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Mueller Gears Up To Interview Trump: ‘I Don’t Think He Fully Appreciates The Legal Jeopardy He Faces’

According to several reports, Robert Mueller’s team is gearing up for a face-to-face interview with President Donald Trump. Legal experts say it indicates the obstruction-of-justice thread of the Russia investigation is likely nearing its end, and that the consequences could be “tragic” for Trump if he strays off script.

Trump’s word-salad approach to interviews could get him in real trouble. For that reason, Trump’s defense team is looking into side-stepping a face-to-face sit-down between Trump and Mueller by either having Trump submit written responses to questions or avoiding an interview altogether.

Mueller is overseeing the FBI’s investigation into Russia’s interference in the 2016 election and whether members of the Trump campaign colluded with Moscow to tilt the race in his favor. He is also said to be building an obstruction-of-justice case against Trump based on his decision to fire FBI director James Comey last May. Comey was overseeing the Russia probe at the time.

A person familiar with the matter told The New York Times on Monday that Mueller’s team is focused mainly on questions about Comey’s firing, as well as former national-security adviser Michael Flynn.

Trump’s team is reportedly considering several options in response. That includes having the president submit written responses to questions, and submitting a sworn affidavit declaring his innocence and saying he did not collude with Russia. They are also looking into the possibility of avoiding an interview all together. And if Trump does sit down for a face-to-face interview, his team is reportedly seeking to limit the scope of questioning.

Written answers to questions can be “carefully drafted, edited, analyzed and re-analyzed, whereas a face-to-face interview is unpredictable,” said Jens David Ohlin, a vice dean at Cornell Law School who is an expert in criminal law. “This is especially true for Trump who resists sticking to a script and is notoriously unpredictable.”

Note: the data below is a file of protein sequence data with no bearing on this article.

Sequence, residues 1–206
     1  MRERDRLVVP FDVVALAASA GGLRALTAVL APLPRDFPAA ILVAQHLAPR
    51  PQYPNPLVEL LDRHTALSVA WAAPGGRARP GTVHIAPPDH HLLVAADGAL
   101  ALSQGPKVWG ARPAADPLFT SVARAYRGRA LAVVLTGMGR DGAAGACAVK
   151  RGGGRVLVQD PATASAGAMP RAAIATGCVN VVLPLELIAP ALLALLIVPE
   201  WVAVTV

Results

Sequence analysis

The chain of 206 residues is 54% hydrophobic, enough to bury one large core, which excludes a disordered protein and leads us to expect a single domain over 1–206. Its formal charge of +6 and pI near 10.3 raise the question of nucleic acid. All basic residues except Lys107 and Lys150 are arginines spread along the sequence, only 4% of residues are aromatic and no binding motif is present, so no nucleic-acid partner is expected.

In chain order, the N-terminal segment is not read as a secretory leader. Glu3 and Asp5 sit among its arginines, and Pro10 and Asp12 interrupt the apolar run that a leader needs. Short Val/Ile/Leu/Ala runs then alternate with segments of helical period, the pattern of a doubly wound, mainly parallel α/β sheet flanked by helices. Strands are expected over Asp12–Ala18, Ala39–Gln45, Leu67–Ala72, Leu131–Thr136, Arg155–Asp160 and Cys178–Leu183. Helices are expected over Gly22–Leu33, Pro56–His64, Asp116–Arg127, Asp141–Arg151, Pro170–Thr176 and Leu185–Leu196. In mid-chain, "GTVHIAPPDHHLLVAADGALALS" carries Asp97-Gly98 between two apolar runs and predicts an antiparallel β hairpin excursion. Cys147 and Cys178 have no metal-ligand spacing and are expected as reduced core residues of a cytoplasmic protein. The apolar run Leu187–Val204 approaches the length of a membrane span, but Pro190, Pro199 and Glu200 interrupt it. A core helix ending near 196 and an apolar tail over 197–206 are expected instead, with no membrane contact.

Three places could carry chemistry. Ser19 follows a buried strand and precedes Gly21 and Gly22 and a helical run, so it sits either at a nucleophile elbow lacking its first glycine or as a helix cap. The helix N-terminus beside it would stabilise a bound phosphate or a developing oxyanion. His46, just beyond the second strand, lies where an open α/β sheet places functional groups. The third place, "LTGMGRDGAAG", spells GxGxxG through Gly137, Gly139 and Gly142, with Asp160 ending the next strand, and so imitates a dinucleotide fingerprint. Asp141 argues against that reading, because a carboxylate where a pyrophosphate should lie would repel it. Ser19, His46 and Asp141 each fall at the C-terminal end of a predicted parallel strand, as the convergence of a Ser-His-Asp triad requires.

Prosecutors began looking into whether Trump sought to obstruct justice in the days immediately following Comey’s firing and it was likely fueled, at least in part, by Trump’s own comments. Trump said on national television that “this Russia thing” had been a factor in his decision.

He also told two top Russian government officials during an Oval Office meeting one day after firing Comey that the FBI director’s dismissal had taken “great pressure” off of him.

Comey revealed, during his testimony before the Senate Intelligence Committee last June, that Trump complained to him about the Russia investigation multiple times and asked him during a private meeting last February to “let go of the bureau’s inquiry into Flynn.” Flynn was fired one day before the meeting.

Flynn pleaded guilty in December to one count of making false statements to investigators during an FBI interview in January of last year. Trump tweeted the day after Flynn’s guilty plea was unsealed that he had to fire him “because he lied to the Vice President and the FBI.”

Legal experts say that if Trump knew Flynn had lied to the FBI when he asked Comey to drop the bureau’s investigation, it would significantly bolster the obstruction case against him.

“I don’t think he fully appreciates the legal jeopardy he faces,” former federal prosecutor Jeffrey Cramer, who is now the managing director at Berkeley Research Group, told Business Insider. He also emphasized the potential consequences for Trump if the interview goes south, saying it could be “tragic” for him and, potentially, his close associates if Trump strays off script or makes baseless statements.

Trump could refuse to cooperate. In that case, Mueller’s team would likely respond with a grand jury subpoena.

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